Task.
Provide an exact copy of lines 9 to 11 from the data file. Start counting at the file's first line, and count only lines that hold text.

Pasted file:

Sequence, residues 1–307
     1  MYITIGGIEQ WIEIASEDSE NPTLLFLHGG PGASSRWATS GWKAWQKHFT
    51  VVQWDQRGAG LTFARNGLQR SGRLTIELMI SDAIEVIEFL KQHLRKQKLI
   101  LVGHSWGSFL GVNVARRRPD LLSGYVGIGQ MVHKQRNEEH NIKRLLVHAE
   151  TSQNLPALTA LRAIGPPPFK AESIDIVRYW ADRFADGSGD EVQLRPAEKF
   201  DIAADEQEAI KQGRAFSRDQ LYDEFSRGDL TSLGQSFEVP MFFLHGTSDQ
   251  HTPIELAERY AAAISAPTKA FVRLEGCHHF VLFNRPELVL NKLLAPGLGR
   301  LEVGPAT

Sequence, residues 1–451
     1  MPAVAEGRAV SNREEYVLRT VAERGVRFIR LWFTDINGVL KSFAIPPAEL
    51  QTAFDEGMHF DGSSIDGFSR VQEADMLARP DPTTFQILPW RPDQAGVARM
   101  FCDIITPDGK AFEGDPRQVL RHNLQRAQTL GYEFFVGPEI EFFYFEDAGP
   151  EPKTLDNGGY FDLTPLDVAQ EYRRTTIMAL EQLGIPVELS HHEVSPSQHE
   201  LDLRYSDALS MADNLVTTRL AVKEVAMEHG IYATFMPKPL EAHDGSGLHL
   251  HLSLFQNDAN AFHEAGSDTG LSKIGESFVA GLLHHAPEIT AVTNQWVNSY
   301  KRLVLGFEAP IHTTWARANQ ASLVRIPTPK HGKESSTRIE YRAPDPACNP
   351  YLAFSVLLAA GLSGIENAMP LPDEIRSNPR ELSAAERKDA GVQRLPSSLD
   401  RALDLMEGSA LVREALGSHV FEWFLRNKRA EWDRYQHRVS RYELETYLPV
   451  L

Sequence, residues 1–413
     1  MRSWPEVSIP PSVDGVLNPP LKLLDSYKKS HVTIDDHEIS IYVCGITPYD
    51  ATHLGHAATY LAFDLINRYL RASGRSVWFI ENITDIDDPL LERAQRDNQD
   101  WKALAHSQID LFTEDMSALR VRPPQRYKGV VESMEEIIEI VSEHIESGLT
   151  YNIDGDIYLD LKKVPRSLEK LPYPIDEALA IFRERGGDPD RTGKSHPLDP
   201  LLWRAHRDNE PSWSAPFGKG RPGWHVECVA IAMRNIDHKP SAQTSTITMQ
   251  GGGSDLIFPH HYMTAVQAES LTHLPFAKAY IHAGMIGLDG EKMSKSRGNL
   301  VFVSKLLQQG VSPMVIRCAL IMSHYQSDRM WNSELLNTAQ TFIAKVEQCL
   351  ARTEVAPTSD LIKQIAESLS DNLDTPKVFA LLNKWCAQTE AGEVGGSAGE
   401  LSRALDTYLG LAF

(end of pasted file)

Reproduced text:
Sequence, residues 1–451
     1  MPAVAEGRAV SNREEYVLRT VAERGVRFIR LWFTDINGVL KSFAIPPAEL
    51  QTAFDEGMHF DGSSIDGFSR VQEADMLARP DPTTFQILPW RPDQAGVARM